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Dublin: 14 °C Tuesday 19 June, 2018

Government backs National Diaspora Centre but wants a third-party to pay for it

Leo Varadkar says that the funds are not there and those expressing interest will be asked if they would be able to meet some or all of the capital costs.

The Minister of State and Minister at the Department of Transport, Tourism and Sport.
The Minister of State and Minister at the Department of Transport, Tourism and Sport.
Image: Laura Hutton/Photocall Ireland

THE GOVERNMENT WANTS to set up a National Diaspora Centre buts has said that it doesn’t have the money develop it and will instead look for a partner to cover some or all of the capital costs.

The Government will now engage with Fáilte Ireland in a attempt to gauge the interest of potential partners in the project.

The announcement comes after a viability study by Fáilte Ireland and cabinet approval for the project.

Minister for Transport, Tourism and Sport Leo Varadkar has said, however, that although the Government can see its benefit, they are unable to cover the cost at present.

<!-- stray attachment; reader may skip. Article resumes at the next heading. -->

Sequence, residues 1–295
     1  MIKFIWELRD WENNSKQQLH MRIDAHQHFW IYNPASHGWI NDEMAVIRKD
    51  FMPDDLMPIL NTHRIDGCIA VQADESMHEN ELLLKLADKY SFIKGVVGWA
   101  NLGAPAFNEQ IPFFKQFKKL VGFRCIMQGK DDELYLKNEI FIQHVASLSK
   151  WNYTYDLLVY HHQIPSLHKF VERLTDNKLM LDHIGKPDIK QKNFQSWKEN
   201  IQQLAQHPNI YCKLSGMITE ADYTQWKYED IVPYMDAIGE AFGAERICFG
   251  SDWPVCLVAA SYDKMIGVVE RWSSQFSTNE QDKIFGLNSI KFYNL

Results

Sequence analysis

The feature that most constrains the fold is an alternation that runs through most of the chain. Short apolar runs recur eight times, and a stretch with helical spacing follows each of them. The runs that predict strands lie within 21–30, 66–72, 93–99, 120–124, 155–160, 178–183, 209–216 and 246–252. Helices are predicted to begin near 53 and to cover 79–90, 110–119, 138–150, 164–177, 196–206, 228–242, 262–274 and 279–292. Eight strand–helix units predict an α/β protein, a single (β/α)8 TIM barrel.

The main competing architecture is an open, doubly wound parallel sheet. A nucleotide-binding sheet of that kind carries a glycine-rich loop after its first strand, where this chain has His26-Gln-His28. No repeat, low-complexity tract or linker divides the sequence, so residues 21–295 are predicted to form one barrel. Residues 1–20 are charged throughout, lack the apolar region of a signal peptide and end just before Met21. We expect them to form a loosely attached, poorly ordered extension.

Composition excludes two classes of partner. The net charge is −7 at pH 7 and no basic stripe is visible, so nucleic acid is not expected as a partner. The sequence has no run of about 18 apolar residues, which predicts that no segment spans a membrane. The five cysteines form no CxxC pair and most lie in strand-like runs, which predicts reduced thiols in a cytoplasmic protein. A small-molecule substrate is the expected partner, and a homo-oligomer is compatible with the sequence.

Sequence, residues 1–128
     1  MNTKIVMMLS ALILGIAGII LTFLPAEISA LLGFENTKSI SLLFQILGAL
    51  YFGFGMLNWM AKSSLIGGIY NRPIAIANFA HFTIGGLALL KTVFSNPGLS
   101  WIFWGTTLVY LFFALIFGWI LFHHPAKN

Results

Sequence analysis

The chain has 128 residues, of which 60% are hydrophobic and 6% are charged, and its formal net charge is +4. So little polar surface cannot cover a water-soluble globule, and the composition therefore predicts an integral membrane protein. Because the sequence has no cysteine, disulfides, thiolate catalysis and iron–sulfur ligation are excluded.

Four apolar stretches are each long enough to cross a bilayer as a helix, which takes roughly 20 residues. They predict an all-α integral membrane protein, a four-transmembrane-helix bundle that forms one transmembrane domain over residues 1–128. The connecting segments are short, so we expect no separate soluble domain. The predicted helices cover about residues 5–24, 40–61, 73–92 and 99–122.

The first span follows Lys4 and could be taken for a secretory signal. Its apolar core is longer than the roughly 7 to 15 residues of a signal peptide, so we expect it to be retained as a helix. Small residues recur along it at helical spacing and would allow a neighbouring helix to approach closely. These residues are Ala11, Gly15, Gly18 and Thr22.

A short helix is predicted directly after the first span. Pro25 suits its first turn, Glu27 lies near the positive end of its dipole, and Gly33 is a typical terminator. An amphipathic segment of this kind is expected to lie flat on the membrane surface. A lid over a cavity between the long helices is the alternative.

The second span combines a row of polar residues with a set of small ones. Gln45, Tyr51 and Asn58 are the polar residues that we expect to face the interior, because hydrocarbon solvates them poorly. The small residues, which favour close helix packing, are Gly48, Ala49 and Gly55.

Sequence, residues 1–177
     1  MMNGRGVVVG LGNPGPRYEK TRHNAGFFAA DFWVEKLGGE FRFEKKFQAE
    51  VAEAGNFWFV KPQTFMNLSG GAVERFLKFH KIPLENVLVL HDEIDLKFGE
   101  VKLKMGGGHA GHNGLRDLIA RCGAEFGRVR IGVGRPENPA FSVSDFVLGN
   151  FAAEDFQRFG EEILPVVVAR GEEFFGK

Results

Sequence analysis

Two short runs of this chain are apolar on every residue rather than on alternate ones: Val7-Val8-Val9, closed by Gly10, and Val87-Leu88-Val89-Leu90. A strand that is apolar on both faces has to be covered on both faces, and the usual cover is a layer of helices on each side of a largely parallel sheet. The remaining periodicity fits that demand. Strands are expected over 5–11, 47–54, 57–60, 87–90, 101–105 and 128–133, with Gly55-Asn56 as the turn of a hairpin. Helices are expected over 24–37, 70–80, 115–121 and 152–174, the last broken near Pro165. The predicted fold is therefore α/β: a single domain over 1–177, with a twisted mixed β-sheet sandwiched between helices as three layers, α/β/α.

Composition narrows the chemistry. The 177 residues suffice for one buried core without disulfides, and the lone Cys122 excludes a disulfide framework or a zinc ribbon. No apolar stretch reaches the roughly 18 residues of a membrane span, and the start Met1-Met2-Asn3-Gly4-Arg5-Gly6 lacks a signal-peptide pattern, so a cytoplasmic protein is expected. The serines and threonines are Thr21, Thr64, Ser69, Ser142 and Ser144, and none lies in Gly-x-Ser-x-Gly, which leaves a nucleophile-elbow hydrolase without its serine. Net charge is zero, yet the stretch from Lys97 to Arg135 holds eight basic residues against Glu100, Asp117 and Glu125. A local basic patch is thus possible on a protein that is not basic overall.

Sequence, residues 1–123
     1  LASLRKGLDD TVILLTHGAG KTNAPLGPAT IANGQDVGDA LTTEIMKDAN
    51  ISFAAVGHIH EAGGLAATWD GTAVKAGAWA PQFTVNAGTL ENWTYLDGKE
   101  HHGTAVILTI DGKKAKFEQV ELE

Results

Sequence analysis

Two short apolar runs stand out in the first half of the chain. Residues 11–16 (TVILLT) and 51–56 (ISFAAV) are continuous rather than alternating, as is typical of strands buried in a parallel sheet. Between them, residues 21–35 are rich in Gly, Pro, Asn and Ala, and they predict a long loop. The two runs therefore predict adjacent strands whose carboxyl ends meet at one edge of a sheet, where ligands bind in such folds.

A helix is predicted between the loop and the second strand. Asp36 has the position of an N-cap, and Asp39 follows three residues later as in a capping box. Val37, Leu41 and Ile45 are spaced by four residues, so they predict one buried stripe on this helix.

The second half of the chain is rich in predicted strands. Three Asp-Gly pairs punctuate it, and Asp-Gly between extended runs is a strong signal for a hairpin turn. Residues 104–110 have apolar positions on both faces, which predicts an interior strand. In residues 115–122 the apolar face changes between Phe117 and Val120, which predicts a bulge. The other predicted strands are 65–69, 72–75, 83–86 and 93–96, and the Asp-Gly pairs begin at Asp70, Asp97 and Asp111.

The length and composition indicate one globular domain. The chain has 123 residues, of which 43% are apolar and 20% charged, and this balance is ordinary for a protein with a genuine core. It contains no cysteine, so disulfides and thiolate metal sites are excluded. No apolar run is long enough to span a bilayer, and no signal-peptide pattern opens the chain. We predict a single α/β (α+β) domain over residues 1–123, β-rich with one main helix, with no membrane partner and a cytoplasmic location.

“The State’s finances remain extremely constrained, and we are not in a position to develop the centre from our own resources. But that doesn’t mean we shouldn’t try to make it happen,” he said.

That is why we have decided to progress this project through a partnership process. The call will be issued by Fáilte Ireland in the next couple of weeks and will make clear the lack of public funds currently available means that the project would most likely be for development in the medium term.

Groups making an expression of interest will be asked to indicate if they would be able to meet some or all of the capital costs according to the department.

The study carried out into the project estimated that the cost to set up the centre could range from €5 million to €26 million depending on its location, scale and whether a new building would be built.

The study also suggest that the cost of the centre could be reduced through sponsorship.

The study concluded that the National Diaspora Centre would be a major tourist attraction but must be developed in way that also attracts people living in Ireland

Read: Some good news: 7 million people visited Ireland this year >

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Rónán Duffy

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